Monday, December 25, 2006

What about a sinner's prayer?

The question has come up as to why we don’t use the sinner’s prayer when we are witnessing to people. Especially those who seem to have been convicted and seem like they are open to Jesus. Let me say that I have never felt comfortable in leading someone in that prayer. My experience with it left me feeling like I had left something unfinished or that I hadn’t quite closed the encounter just right. I did a little research and I can’t quite pin point when this became part of the evangelism encounter though it looks like it’s only been around about 150 years or so. We certainly do not find it in the bible, and that is where I think the problem lies for me . In any case, it’s safe to say that it is a method with an honest intention of helping lead people to Christ, which may include the danger of leading someone into a false assurance of salvation. It is safe to assume that the perspective of this modern tool is the result of recent tradition and not from any biblical precedence.

Some treat it as the authoritative formula for conversion. That is “If you say this prayer, and really mean it, you’re saved.” We know of course that it is the act of repentance and faith. Coming before God with the knowledge of our exceeding sinfulness and need for a savior is the required “heart condition” for true conversion. Actually, as an evangelist, the realization of this freed me from the pressure of feeling like I wasn’t doing my duty without a neatly packaged close. Lately, it would not be unusual for me to simply plead with someone to really think twice about letting another day go by without carefully weighing the truth of the Gospel message, thanking them for their time and leaving it at that. I can trust the Holy Spirit to do the converting. If I suggest any prayer model at all, it would probably be Psalm 51 which is an excellent model of repentant prayer. But I would not read it aloud and ask them to repeat it. I would present it as an example of repentant prayer and that if they wanted to reach out to God this way, they certainly could.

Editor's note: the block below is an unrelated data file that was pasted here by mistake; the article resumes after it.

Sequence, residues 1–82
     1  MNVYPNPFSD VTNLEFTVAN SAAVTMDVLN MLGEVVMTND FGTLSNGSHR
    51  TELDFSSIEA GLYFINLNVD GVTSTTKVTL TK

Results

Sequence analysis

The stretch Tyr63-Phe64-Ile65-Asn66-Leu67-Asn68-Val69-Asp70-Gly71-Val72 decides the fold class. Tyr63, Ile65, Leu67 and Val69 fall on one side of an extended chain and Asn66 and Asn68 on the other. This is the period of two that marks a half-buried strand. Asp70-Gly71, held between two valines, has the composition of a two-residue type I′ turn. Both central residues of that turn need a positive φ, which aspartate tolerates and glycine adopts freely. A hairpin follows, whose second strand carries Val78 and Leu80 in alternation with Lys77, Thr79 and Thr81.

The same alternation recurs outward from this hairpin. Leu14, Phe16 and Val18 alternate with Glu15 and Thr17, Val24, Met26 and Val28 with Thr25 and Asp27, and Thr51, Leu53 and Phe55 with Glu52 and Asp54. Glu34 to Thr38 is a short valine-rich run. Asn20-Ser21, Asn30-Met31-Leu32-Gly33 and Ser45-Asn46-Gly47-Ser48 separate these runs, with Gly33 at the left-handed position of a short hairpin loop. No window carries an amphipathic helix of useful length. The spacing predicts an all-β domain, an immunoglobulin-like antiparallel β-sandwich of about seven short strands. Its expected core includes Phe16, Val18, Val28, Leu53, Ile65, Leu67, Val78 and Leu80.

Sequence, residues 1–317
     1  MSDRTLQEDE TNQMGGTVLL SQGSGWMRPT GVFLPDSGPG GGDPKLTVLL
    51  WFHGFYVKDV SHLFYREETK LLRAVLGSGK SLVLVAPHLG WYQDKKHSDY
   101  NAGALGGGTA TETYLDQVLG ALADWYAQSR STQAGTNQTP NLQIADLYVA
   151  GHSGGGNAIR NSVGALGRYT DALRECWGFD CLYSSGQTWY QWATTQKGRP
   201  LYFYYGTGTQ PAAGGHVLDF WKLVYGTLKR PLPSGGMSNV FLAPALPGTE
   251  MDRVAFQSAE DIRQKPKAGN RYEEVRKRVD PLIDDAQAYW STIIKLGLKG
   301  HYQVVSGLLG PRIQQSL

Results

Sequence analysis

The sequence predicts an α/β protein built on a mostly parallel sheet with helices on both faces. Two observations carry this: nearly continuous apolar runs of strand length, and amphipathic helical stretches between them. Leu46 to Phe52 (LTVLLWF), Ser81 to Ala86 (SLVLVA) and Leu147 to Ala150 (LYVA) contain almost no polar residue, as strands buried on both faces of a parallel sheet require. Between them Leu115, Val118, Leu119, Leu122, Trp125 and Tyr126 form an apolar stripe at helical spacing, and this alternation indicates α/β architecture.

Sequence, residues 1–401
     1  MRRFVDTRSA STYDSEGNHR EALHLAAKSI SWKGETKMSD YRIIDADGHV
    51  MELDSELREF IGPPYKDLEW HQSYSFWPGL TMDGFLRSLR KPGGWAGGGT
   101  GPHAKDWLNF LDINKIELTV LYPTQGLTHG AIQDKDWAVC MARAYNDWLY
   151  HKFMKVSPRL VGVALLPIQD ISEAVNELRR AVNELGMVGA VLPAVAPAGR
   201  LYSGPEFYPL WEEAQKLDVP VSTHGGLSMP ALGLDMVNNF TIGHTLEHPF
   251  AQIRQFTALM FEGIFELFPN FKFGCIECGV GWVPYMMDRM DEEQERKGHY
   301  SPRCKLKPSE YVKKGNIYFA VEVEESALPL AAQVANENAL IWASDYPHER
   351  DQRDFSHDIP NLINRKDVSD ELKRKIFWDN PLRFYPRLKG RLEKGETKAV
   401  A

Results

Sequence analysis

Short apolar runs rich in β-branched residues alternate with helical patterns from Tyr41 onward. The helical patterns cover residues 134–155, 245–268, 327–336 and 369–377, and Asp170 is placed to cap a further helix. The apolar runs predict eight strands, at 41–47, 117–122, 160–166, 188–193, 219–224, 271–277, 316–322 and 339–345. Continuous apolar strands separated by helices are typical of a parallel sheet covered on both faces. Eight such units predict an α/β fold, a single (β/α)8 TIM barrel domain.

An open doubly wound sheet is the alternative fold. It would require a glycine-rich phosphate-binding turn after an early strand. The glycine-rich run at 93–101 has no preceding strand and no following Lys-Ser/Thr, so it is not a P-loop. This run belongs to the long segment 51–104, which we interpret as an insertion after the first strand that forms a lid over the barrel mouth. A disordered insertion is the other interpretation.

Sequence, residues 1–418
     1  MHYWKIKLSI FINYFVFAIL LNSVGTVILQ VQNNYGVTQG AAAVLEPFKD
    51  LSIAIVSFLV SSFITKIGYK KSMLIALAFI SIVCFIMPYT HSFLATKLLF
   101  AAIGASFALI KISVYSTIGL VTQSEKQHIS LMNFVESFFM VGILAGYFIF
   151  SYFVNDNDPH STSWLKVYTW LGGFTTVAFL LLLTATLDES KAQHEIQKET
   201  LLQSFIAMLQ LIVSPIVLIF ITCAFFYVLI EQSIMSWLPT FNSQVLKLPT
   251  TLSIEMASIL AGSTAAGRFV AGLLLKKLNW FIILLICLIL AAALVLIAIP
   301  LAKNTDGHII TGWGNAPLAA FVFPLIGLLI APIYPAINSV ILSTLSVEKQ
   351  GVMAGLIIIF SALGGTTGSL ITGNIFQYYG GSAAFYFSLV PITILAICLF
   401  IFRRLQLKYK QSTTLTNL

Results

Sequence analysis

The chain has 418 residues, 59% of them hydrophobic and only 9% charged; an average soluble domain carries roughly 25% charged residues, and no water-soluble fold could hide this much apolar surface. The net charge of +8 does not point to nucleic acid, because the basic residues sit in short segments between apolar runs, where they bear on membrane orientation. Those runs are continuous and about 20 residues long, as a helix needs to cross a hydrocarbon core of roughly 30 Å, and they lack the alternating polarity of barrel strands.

I don’t know what is going on in a person’s heart during a witness encounter. I can observe body language and tone of voice, but ultimately, it’s between them and God. What I’m observing may be emotions, feelings or even misunderstanding of the Gospel. We are called to preach the Word and call people to repentance and faith but nothing is said about “closing the deal.” Todd Friel of Way of the Master radio, states it like this: “Our theology informs our methodology. We preach the Word clearly trusting that God is going to do the converting and if He is indeed saving them, they are going to find a quiet place where they can repent and trust in the Savior.”

No one has to pass a theology test to become a Christian. I am sure that many have begun their Christian lives with a sinner’s prayer and have gone on to serve God faithfully. But the truth remains that this would be the result of a right understanding of the Gospel and a trusting faith in the Savior and not because of a prayer in and of itself.




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